"We have a lot still to accomplish and, while we cannot do everything at once, we will continue to welcome input from our advisory groups, as well as the broader veterans community, and experts within our department and without to ensure we develop the most effective policy for present and future veterans.‎"

The political stakes for the Liberal government are high and getting higher, particularly in light of how Trudeau and Defence Minister Harjit Sajjan have recently framed the defence policy review in terms of caring for the troops.

"It is going to be extremely important, moving forward, that Canadians see their government has heard the pride that all Canadians feel in supporting our troops and that we demonstrate with concrete actions and investments that our priority is in supporting the extraordinary men and women of the Canadian Forces, who choose to serve," Trudeau said at last week's NATO Summit.

Current vs. last system

The Liberals have invested, or plan to invest over the next five years, more than $6 billion in improved benefits for ex-soldiers.

However, it was the prospect of returning to pensions-for-life for the wounded which galvanized the veterans community in the last campaign.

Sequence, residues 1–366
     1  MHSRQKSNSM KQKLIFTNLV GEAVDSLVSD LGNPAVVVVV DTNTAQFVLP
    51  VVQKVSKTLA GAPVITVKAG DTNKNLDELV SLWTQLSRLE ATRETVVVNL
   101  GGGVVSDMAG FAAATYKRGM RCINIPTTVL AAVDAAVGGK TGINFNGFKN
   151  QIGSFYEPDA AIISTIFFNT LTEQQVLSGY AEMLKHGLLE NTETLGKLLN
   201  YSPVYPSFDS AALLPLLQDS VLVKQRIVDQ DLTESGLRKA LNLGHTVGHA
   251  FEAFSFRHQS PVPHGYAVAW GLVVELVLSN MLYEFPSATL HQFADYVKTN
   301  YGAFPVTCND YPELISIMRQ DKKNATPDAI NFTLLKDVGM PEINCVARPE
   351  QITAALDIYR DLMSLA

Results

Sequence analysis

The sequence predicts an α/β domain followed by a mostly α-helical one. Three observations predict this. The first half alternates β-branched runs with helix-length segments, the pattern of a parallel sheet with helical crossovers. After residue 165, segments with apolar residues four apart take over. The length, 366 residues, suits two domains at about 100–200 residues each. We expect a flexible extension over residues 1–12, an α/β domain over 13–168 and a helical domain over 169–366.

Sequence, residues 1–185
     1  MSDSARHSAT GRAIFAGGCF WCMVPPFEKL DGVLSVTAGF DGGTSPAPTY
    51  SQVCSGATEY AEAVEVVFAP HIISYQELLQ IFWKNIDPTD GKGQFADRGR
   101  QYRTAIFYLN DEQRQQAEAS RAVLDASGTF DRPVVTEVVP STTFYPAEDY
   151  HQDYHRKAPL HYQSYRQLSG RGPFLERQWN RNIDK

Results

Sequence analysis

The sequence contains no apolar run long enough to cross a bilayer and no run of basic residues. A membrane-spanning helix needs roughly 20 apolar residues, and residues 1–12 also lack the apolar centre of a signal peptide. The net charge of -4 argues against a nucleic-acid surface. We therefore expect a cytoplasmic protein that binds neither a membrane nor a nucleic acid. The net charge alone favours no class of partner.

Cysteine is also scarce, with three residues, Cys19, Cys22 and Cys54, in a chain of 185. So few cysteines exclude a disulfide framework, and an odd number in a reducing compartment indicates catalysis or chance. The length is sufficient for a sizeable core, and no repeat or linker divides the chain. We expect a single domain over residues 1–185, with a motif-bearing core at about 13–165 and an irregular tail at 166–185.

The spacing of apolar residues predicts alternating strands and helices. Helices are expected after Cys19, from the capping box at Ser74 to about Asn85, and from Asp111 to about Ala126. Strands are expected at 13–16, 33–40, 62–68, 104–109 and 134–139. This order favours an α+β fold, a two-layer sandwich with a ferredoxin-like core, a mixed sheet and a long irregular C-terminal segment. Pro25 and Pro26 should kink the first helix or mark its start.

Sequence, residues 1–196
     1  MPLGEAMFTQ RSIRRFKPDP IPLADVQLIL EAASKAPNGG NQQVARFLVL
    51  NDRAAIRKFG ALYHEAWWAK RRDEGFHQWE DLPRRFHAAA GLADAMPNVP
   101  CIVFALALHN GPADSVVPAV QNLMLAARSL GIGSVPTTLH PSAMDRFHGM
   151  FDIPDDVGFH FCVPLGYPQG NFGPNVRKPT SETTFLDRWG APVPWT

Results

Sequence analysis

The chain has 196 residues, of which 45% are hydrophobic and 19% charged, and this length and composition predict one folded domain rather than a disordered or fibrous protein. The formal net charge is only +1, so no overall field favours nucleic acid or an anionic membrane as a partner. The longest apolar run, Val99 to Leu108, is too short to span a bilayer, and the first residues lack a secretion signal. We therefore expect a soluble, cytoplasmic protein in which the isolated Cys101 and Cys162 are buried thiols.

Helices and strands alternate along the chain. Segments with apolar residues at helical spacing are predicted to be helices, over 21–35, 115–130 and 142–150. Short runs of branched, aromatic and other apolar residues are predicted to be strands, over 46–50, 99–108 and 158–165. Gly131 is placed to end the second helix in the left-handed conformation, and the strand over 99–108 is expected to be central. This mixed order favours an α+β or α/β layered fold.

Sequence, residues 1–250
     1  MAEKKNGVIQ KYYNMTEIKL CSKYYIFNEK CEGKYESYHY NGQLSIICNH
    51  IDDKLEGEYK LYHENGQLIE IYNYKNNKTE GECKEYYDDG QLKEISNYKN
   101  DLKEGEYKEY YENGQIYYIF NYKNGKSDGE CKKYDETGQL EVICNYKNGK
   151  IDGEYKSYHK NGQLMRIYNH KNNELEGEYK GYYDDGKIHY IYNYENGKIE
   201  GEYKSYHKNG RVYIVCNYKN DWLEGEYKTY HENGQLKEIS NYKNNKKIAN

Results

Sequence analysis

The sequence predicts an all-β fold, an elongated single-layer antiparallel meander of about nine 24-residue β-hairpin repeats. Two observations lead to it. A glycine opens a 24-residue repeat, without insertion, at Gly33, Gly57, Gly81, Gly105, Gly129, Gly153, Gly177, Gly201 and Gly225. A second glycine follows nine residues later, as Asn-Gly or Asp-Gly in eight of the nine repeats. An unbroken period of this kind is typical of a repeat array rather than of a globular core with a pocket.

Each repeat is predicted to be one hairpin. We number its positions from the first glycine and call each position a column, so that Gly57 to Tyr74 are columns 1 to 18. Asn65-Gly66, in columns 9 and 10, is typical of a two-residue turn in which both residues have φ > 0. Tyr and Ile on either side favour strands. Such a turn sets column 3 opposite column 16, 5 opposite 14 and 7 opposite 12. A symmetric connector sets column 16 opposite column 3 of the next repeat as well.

The existing lump sum award is worth a maximum of $360,000 and has been a political lightning rod since being introduced in 2006 as part of a series of benefits changes under the new veterans charter.

It's the centrepiece of a class-action lawsuit by Afghan veterans, who allege that the new system is not as generous as the one it replaced under the old pension act.

In defending against the suit, Justice Department lawyers argued in 2013 the federal government had no extraordinary, legislated obligation to wounded soldiers — something that drove veterans to campaign against the former Conservative government.

How a new Liberal plan to spread out payments would differ from one former prime minister Stephen Harper's government attempted to deliver in 2011 is unclear.

Veterans advocate Sean Bruyea says the Liberal government should live up to its promise to return to lifetime pensions for wounded soldiers. (Ashley Burke/CBC News)